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Traffic worries new school's neighbors

n High number of cars poses routing dilemma

Posted: Thursday, August 31, 2000

Neighbors of the proposed high school at Dimond Park want the city to slow or reduce traffic on adjacent Riverside Drive.

City officials have agreed to look at options, but said any adjustment is likely to affect other parts of the Mendenhall Valley.

"There's a real concern with existing traffic and kids and what's going to happen when this all gets developed," outgoing Juneau Assembly member and neighborhood resident Dwight Perkins said Wednesday night at a meeting of about 40 residents, city staff and design consultants at Riverbend Elementary School.

Local voters approved $63 million in bonds in October 1999 to build a 1,200-student high school at Dimond Park and to renovate Juneau-Douglas High School.

Construction won't begin until the state makes a commitment to reimburse part of the bond debt. The new school could open in fall 2004 if the project is funded this year, project planners said.

Voters allowed up to $2 million in bond proceeds to be spent immediately on designing both school projects. That work is under way at the Juneau firm Minch-Ritter-Voelckers Architects.

The new high school would be part of what's called Dimond Community Complex, which already holds 450-student Riverbend Elementary and some sports fields. The city hopes to add a public swimming pool and gym someday.

"We want it to be a place as comfortable for you to walk a dog as for a 15-year-old or a 6-year-old to go to school," City Architect Catherine Fritz told the site's neighbors.

But it will be a challenge to get pedestrians, cyclists, cars and buses in and out of the complex, while letting children safely cross Riverside Drive and maintaining a traffic flow.

There could be 950 parking spaces at the complex, planners said. An average of 9,600 vehicles a day passed the site during a 1999 count, said Mark Pusich of R&M Engineering, a project consultant.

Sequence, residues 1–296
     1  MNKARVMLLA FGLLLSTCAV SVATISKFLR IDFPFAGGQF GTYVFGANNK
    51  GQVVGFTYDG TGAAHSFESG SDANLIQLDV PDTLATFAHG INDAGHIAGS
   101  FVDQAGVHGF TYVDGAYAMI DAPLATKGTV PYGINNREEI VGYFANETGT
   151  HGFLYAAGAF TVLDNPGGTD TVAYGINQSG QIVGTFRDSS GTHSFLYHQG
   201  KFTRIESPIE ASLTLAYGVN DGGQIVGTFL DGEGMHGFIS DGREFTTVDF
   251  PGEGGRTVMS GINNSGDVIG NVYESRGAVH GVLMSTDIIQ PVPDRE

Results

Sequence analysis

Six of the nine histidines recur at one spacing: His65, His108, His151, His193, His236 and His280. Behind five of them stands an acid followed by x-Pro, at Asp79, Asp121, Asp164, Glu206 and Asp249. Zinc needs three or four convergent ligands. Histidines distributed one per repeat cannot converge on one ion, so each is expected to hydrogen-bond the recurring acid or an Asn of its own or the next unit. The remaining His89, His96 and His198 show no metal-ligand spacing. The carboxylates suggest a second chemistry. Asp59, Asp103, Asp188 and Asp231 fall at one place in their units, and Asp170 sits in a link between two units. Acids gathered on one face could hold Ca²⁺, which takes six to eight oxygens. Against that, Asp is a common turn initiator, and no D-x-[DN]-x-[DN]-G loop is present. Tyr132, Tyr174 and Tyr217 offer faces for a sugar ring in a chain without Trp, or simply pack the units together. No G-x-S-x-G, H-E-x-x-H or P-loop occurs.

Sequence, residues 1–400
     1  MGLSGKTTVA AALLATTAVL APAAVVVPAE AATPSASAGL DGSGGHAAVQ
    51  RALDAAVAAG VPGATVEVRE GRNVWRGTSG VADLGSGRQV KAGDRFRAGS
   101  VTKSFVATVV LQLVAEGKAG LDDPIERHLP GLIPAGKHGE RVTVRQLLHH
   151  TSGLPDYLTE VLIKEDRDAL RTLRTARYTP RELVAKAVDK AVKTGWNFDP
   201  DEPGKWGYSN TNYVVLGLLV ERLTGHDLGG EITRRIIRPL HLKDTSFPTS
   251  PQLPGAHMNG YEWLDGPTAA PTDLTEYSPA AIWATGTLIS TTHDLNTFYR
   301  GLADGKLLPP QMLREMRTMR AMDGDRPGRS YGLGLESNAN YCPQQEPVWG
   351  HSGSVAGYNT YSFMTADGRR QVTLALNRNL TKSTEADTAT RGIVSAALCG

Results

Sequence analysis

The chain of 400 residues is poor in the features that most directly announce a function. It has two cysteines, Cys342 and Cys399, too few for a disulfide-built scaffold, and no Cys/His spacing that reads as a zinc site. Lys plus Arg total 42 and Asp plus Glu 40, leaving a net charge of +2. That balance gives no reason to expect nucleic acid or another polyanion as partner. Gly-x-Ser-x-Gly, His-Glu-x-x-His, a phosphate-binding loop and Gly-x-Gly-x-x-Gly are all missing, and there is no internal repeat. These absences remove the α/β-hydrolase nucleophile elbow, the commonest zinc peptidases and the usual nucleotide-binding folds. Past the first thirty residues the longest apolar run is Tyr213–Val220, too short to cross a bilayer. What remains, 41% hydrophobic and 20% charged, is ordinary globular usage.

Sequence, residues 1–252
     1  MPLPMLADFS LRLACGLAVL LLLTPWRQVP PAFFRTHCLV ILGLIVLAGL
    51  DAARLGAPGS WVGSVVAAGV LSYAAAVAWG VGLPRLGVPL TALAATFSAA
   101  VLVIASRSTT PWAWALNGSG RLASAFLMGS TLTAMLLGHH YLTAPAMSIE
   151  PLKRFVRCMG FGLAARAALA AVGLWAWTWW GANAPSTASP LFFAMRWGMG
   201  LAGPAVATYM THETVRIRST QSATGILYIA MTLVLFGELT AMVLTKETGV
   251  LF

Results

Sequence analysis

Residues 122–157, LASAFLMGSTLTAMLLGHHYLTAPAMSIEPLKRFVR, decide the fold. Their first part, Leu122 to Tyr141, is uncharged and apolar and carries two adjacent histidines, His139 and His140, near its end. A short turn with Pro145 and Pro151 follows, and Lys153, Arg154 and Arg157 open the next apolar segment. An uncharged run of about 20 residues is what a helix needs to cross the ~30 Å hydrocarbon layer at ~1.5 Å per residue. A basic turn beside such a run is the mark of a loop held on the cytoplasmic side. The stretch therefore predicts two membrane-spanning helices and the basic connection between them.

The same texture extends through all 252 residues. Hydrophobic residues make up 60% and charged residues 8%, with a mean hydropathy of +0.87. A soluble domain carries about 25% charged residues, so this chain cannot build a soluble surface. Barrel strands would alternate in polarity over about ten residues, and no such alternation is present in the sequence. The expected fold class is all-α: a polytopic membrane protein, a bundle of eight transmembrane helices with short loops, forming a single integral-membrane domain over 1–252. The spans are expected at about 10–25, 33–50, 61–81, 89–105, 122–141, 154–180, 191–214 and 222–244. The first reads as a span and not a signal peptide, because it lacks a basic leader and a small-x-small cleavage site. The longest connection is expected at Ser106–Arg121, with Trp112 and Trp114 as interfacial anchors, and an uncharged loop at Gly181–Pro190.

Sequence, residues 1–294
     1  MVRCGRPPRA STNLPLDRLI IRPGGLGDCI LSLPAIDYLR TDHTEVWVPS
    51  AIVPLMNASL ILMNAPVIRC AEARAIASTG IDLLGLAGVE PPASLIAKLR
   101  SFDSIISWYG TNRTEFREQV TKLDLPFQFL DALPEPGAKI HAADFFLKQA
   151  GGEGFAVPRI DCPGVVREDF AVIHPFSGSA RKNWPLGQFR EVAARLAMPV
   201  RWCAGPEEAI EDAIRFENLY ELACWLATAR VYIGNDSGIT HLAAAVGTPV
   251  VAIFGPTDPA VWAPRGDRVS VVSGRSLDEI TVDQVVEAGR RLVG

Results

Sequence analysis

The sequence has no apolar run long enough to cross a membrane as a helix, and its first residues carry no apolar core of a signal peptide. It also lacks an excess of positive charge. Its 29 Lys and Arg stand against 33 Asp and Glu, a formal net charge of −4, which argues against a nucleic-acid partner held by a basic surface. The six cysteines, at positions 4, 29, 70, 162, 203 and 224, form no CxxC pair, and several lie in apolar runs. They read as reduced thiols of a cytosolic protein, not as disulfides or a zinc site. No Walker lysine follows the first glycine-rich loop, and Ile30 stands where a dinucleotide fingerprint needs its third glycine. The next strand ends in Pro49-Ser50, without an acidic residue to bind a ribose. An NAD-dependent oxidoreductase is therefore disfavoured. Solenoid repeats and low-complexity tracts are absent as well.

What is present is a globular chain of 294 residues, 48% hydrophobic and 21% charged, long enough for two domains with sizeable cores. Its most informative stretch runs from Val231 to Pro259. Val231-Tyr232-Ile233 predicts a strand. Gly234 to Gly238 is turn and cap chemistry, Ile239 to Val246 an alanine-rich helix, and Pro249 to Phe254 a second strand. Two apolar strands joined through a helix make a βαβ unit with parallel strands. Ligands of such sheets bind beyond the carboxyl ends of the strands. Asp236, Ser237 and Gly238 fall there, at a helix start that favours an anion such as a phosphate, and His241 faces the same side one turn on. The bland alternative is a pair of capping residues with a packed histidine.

It's already dangerous for children to cross Riverside Drive, parents said. Drivers speed, pass on the right and don't stop for pedestrians.

Riverside Drive traditionally has collected traffic from residential side streets and sent it to Egan Drive. Neighborhood residents said that may have to change.

The city, which owns the street, will put in a left-turn lane, Fritz said. Other options include a traffic light and a pedestrian overpass at an intersection, or slowing traffic on Riverside Drive with engineering techniques such as curves in the road or a different road texture at pedestrian crossings.

Either way, the changes likely will encourage some commuters to use Mendenhall Loop Road instead of Riverside, Fritz said.

Another option is to start the school day after the commuter rush. School district officials also must decide whether to require high school students to stay on campus throughout the day. Schools Superintendent Gary Bader has told the Juneau School Board that's his preference.

The board is likely to feel pressure for a closed campus from neighborhood residents, who said Wednesday they are concerned about additional traffic, vandalism, trespassing, litter and noise from students coming and going throughout the day.

Residents also asked for a greenbelt and a fence between the high school and houses north of it on Rivercourt Way. Planners are considering a greenbelt about 50 feet wide, Fritz said.

The next public meeting on the new high school design is an open house set for 5-6:30 p.m. Sept. 21 at the JDHS library.



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